Chickpea & Edamame Stuffed Squash Blossoms With Edamame Puree; Grilled Cornish Game Hens

Well it’s that time of the year again–time to stuff  and savor the delicate sweetness of those squash blossoms. From the day we planted the seeds in the raised bed, I’ve been anticipating stuffing those lovely undimmed yellow flowers. I knew exactly what I wanted to stuff them with. I had a garbanzo bean (chickpea) and edamame salad on hand and my thinking was to puree it and stuff it into the blossoms.  I guess it was kind of like squash blossoms stuffed with hummus. Now you may think eating flowers is not for you, but I guarantee you—once you’ve tasted these, you will devour them with happy delight, and you won’t stop at just one.

Served with an edamame puree.

The taste was amazing


That squash box was screaming; “Stuff those blossoms!”

Now isn’t that a beautiful sight to behold?

Time to snip those stems and clean them. I generally give the a little wash under gently running water after I ever so gently remove the stamen from the center of the blossom

My chickpea salad. It contains chickpeas of course, edamame beans, chopped red onion, green bell pepper, tomatoes, celery, extra virgin olive oil, and mushrooms (just a few as I didn’t want the earthiness of the musrooms to dominate). Salt and fresh cracked black pepper to taste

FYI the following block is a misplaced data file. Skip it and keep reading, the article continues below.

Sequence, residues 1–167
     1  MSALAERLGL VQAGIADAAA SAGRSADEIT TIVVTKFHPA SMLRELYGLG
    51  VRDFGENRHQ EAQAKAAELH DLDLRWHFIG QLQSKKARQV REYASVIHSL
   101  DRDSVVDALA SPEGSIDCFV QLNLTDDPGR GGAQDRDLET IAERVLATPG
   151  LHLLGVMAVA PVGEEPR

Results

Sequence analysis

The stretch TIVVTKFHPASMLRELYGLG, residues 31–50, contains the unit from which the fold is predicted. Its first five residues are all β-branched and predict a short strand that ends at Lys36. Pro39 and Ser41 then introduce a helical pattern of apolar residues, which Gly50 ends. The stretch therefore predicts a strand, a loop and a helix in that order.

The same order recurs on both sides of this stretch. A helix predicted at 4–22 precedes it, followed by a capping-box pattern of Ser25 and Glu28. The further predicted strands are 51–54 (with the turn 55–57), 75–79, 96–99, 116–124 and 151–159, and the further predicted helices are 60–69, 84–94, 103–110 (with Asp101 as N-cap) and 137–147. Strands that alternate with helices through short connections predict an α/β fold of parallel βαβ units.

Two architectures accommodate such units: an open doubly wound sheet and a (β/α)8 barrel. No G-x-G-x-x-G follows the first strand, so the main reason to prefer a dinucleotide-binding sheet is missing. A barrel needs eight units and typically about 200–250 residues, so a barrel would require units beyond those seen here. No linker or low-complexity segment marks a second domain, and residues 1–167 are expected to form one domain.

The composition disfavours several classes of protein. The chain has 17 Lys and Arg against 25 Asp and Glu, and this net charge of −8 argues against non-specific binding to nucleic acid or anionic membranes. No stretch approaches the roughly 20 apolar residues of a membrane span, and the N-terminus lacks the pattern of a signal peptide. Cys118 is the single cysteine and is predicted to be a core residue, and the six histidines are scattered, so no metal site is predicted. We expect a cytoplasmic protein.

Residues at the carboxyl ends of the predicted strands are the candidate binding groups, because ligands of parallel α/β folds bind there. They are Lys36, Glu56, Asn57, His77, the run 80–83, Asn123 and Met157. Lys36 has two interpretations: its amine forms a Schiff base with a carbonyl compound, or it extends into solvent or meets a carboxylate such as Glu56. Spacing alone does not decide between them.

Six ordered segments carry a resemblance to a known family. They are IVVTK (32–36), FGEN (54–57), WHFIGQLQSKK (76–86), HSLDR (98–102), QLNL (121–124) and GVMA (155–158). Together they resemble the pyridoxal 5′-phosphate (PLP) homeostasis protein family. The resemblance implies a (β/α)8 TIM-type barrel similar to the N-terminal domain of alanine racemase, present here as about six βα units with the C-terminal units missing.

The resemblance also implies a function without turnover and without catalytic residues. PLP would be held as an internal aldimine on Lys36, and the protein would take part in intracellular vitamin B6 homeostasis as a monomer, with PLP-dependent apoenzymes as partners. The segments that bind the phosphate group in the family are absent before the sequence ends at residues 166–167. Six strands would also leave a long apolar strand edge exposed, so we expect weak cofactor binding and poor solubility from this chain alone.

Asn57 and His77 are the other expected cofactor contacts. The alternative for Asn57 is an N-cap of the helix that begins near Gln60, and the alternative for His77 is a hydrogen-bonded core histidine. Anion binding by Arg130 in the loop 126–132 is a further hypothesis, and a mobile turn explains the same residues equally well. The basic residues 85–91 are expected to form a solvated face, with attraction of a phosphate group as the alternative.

Gave the salad a puree, mixed in cream cheese and adjusted the salt and pepper

Stuffed the blossoms with the puree, battered then fried till golden. The batter for the blossoms was just a simple batter made with one cup of flour, one cup of milk, and one egg. Alternatively you could roll them in flour,  then dip into beaten eggs, and coat with  bread crumbs for a liter blossom

Served with a puree of edamame beans.  The edamame puree can be made by preparing one package of edamame beans as usual–by steaming or microwaving them for about 4 minutes then allowed to cool a bit. Add them to the food processor along with the juice of one lemon, 1/4 cup of water, and drizzle in extra virgin olive oil until the desired consistency is reached. Season with salt and pepper to taste

Or leave the batter off…just as good! Well, I must tell you that the ever so delicate flavor of squash blossoms is amazing! Betcha can’t eat just one. Actually a plate of these is all you need for a filling meal. However, I was doing some grilling that evening…

Seasoned up a few Rock Cornish Game hens with spices and a mixture of fresh herbs–sage, rosemary, and thyme

And onto the grill with them

Oh they are looking good. Nothing like night-time grilling with the smoke of something good on the grill wafting thru the air

Very succulent, juicy, and tender

Now the squash blossoms didn’t really need any company and held their own to “squash” the awaiting appetites of my men-folk, but with two growing boys with healthy appetites, this sealed the deal

Now grab a plate, head out to the patio and enjoy this meal while watching the hummingbird


3 Comments (+add yours?)

  1. richardmcgary
    Jul 27, 2013 @ 22:30:39

    I’m so jealous. The garden didn’t produced any squash and the plants died. 😦 I have been scouring the markets for some squash blossoms and haven’t found nary a one. 😥 I’m sure these were wonderful and the chicken looks great, too.


  2. the vegan kitchen of dr caligari
    Aug 22, 2013 @ 18:06:34

    These blossoms sound delightful and look perfectly fried! I hope to find them out at the market to reply your recipe.


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